On that same subject; "make the best of your surroundings", don't waste time. I've heard it too many times, "I can't do anything because I'm all out of money!"

To be blunt, if your "out of money", that only means you can't go down to the airport and fly an airplane and that's all. It doesn't stop you from studying textbooks, charts and approach plates or practicing approaches on your PC. During this downtime you can still hang out at the airport and look for work or just talk to people to learn more or make contacts.

It's funny that you mention North Perry. I used to hang out there at the northwest T-hangars and help the old guys work on their experimental airplanes. On occasion I would score a free ride and at the very least, learn something new about airplanes.

As far as the college degree, I would highly recommend it. You need to have a backup plan that is not connected to the aviation profession. I can tell you many stories of guys that were making $150,000/yr one day and looking for a new job the next. The aviation profession can be a roller coaster ride, to say the least!

Good Luck
 

Phoenix45

Saving the world.....
Joined
Oct 11, 2004
Posts
71
Total Time
????
One word: Military

I am not a recruiter, nor a professional pilot. But seeing all the out of work pilots I would not plan on flying as a career. Especially starting out with only civilian hours. I know former military pilots with close to 8000 hrs, former airline pilots, who cannot find a pilot job. I would recommend checking out any of the services, let them pay for your training and hours.

Good luck...
 

pilotyip

Well-known member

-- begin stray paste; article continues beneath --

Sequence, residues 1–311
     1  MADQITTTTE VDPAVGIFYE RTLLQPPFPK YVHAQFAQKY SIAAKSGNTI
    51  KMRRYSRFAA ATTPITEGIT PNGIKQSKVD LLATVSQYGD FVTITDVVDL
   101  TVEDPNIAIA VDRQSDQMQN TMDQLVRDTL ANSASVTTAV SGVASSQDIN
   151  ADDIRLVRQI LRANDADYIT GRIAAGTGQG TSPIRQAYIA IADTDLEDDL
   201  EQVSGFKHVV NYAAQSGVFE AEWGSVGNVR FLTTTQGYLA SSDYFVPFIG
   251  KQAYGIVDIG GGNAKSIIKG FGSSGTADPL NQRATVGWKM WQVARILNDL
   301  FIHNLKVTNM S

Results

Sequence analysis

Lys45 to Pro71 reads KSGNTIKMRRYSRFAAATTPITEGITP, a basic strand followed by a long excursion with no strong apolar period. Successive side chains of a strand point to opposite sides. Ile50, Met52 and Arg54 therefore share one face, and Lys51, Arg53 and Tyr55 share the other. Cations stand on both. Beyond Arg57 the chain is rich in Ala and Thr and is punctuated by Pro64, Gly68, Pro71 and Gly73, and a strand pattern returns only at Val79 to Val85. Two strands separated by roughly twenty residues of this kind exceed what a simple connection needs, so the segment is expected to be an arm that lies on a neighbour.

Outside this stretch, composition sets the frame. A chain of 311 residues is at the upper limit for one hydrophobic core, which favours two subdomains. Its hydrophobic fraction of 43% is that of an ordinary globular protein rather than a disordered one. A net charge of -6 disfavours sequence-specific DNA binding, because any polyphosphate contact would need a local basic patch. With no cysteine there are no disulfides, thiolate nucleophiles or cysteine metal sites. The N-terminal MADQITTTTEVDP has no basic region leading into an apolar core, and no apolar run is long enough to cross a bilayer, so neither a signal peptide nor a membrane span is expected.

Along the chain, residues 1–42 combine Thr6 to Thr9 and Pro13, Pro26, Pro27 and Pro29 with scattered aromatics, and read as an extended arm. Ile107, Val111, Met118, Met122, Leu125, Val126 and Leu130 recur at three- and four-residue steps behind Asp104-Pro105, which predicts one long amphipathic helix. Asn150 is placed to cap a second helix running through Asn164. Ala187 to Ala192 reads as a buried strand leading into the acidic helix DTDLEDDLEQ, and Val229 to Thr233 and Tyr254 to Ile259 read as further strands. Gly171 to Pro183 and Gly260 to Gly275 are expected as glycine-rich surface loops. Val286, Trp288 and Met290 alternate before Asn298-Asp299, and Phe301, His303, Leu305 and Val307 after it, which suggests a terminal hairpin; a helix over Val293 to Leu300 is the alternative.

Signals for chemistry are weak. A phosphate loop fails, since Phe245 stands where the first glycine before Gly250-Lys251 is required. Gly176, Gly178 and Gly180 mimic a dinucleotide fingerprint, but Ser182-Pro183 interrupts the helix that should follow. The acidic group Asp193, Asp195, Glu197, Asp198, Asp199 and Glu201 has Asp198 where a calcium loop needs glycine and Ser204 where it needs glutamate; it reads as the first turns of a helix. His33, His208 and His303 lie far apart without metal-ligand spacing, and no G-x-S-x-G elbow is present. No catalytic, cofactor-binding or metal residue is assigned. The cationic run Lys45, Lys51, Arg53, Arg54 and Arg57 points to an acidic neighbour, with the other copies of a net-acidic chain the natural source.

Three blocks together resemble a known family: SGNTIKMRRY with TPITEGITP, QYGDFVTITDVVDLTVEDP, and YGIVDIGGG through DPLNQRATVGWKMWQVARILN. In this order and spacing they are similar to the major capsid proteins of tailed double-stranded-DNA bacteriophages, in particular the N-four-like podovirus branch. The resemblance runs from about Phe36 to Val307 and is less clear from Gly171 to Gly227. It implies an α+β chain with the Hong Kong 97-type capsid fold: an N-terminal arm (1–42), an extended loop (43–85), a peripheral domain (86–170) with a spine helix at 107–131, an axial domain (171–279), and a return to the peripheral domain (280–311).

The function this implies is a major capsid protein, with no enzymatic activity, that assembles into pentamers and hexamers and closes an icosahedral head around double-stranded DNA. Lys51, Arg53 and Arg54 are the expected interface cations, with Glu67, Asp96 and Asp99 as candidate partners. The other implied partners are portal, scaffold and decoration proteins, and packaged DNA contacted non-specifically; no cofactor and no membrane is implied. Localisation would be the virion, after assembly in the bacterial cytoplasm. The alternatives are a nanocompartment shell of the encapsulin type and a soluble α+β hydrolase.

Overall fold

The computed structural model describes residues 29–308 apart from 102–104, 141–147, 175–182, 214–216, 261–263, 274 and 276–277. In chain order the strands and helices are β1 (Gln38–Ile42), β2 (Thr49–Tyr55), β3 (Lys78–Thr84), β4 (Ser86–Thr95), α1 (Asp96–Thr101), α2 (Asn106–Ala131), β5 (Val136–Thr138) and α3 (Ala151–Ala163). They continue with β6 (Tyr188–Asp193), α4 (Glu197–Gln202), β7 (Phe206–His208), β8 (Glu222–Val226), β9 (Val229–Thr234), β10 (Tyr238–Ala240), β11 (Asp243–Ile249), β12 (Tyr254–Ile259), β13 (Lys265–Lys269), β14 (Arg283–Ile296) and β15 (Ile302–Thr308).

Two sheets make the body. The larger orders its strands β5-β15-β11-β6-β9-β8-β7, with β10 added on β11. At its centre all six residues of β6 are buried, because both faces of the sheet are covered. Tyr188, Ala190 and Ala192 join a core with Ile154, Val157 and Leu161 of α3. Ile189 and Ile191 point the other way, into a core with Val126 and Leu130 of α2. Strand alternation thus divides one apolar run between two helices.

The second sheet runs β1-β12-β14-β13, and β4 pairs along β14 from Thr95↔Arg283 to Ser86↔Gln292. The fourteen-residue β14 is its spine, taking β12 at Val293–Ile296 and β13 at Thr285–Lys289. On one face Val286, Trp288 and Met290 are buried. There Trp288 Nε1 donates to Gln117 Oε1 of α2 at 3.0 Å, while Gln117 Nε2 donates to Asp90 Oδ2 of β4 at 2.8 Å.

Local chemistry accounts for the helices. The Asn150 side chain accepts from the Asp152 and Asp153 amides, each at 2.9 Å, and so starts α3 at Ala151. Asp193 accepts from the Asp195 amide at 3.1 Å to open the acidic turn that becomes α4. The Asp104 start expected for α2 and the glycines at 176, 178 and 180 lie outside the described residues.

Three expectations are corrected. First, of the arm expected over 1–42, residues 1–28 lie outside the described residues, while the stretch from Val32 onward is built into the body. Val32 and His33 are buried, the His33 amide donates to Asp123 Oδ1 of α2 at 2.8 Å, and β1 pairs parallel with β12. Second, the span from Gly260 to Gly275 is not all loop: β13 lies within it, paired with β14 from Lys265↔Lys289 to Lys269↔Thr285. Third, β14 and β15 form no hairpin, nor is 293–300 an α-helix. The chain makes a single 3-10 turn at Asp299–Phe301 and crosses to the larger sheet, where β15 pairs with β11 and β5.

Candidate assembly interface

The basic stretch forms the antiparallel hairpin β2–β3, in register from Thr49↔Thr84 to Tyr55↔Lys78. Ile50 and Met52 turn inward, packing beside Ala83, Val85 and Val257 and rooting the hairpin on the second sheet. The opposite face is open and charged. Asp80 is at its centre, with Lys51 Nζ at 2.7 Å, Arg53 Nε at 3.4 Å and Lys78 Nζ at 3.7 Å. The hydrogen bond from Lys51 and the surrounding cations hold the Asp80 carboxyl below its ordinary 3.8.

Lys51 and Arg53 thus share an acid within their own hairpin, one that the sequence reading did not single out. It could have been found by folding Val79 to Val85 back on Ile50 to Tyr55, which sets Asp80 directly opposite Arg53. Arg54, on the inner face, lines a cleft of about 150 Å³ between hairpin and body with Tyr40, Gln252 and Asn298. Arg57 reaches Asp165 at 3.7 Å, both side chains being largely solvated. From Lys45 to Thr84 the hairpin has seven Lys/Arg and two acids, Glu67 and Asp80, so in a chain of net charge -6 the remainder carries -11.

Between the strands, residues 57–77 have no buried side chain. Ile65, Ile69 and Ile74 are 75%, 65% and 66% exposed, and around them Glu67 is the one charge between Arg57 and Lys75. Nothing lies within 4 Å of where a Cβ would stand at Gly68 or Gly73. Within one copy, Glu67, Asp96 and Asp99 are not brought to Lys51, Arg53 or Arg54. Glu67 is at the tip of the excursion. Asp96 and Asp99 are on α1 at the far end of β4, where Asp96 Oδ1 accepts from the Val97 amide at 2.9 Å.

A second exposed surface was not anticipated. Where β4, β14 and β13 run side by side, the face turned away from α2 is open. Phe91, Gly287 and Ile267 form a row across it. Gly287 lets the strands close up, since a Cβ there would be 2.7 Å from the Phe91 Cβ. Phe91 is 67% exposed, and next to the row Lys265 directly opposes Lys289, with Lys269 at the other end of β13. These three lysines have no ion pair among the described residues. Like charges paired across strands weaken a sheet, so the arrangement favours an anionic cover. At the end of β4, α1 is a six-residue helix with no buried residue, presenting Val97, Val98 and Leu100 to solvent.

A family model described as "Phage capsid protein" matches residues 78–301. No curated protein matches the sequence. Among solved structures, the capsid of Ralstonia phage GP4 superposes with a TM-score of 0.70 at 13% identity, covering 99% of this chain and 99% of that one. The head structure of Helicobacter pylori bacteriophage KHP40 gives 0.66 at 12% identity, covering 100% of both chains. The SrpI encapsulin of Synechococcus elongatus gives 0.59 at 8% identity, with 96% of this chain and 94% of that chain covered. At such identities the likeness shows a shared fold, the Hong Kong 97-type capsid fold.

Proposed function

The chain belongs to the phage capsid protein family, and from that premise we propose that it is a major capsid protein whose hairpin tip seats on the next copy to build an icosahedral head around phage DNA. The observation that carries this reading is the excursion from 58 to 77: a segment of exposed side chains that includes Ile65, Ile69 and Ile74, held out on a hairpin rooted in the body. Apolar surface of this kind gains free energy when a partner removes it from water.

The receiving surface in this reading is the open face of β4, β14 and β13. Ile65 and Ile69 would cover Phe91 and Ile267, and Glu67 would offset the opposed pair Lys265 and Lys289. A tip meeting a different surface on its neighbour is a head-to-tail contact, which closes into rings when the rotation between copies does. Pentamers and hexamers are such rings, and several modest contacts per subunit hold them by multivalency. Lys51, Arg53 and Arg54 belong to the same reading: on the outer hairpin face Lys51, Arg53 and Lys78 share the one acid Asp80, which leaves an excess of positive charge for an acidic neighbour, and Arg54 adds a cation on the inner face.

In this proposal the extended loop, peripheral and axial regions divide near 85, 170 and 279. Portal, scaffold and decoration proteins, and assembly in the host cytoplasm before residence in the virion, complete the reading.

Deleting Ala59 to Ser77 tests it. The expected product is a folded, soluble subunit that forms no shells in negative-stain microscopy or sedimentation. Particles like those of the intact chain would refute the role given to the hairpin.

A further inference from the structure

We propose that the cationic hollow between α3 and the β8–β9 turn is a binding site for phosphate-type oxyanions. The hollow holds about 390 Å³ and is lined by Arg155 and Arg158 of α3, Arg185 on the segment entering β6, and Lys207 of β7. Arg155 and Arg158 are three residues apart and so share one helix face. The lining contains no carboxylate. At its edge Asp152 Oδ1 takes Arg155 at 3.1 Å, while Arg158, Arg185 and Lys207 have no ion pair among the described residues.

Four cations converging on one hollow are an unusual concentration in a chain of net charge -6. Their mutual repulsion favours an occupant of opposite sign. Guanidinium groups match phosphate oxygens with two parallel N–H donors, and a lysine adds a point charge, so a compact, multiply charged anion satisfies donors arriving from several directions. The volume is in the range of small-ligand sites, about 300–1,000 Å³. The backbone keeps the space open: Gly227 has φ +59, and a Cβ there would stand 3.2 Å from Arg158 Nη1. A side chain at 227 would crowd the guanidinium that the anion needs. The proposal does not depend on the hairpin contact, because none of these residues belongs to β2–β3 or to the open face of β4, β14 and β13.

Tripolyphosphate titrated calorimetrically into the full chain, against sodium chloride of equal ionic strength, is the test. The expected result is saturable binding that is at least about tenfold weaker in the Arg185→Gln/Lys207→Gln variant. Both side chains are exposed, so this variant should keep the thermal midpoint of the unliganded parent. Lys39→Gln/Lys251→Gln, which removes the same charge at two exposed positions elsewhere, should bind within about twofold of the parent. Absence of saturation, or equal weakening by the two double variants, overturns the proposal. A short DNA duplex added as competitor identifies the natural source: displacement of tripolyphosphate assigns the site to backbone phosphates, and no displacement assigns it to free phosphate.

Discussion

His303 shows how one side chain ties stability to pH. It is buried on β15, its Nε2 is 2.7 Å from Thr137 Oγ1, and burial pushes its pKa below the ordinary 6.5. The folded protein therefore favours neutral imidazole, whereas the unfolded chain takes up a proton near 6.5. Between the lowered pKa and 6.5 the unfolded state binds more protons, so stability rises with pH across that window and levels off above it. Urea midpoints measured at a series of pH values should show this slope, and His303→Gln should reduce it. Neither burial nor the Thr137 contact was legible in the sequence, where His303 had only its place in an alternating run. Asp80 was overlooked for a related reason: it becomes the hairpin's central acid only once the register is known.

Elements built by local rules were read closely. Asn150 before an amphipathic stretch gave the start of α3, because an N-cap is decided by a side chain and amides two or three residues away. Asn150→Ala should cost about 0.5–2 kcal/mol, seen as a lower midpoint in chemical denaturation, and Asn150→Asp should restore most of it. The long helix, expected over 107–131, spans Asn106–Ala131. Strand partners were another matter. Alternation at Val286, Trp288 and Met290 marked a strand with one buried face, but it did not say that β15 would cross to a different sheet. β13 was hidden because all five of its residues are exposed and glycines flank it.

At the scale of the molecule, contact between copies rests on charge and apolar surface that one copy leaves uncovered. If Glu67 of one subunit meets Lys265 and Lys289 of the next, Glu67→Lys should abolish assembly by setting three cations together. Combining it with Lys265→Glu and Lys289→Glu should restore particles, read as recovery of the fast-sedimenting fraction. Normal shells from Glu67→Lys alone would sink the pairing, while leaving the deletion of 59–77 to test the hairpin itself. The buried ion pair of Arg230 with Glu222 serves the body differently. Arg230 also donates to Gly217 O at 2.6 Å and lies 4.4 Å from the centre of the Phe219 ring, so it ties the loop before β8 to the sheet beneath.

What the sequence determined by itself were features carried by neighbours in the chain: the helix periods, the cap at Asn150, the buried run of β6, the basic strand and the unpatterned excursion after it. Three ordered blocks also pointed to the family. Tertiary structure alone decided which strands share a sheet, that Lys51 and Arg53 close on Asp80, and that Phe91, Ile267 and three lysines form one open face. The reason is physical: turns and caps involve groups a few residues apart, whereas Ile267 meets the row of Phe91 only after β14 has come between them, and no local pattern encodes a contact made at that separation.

Joined
Nov 26, 2001
Posts
13,629
Total Time
14000
Lots of jobs

Funny all of our pilots looking for a job can find one. 9 pilots in two months have found other jobs, Kalitta, Atlas, ATI, AirWisc, Champion, Flex Jets, to name a few. I know other pilots have turned down jobs waiting for other jobs. Looks like the 2007 hiring boom is on track.
 
Last edited:
D

dream2fly2007

Thanks for all the replies and sorry it took a while to respond.

There seems to be a lot of opinions on how to do this. I have my heart set on a flight academy. Two of my top picks right now are: Delta Airlines Academy and Flight Safety. Does anyone have any experiences with these places? Or any other suggestions?
 

mayday1

Well-known member
Joined
Aug 10, 2004
Posts
315
Total Time
>1
dream2fly2007 said:
I have my heart set on a flight academy. Two of my top picks right now are: Delta Airlines Academy and Flight Safety. Does anyone have any experiences with these places? Or any other suggestions?

so you have your heart set on spending 2-3x the amount it would cost for the same or better quality training at a local FBO.. not to mention your living expenses that you might not have if you could live at home??

DCA has nice flashy ads, hoping to draw in people like yourself.. this board is full of experience pilots who will tell you that you're wasting your money. Do board seaches on DCA.. there have been people who have spent $80-$100k at that place, only not to be "hired" by DCA... Good God!! But go tour DCA and see their "multi-million dollar facility" and then tell us what you think.
 

414Flyer

Down with Chemtrails!
Joined
Jan 20, 2002
Posts
4,948
Total Time
4200
Dont go into this with your "heart" use your head.

Nothing wrong with going pt 61 though, and paying as you go. You will probably actually have fun sometimes, as opposed to being in a regimented program, and you can pay as you go, compared to some of these "academies" or schools where you pay everything up front.

If you are dead set on going to an academy, then at least get your private first at a local operation, so you arent laying out a huge sum of money first, without knowing whether it will be for you, since a lot of these places absolutely do not like to give refunds.

Investigate if there is a way to do all locally still. It can save you a ton of money, since you can still work, and not have to pick up and move somewhere else.

These flight academies will tell you all kinds of things to get you to come over and hand over a buttload of cash. Take anything they say with the proverbial grain of salt.

MANY students have gotten burned financially by doing the large flashy academy route, by unscrupulous operators or places that went bust. Look at the airman flight school story, or TAB express, and see what can happen.
 
Top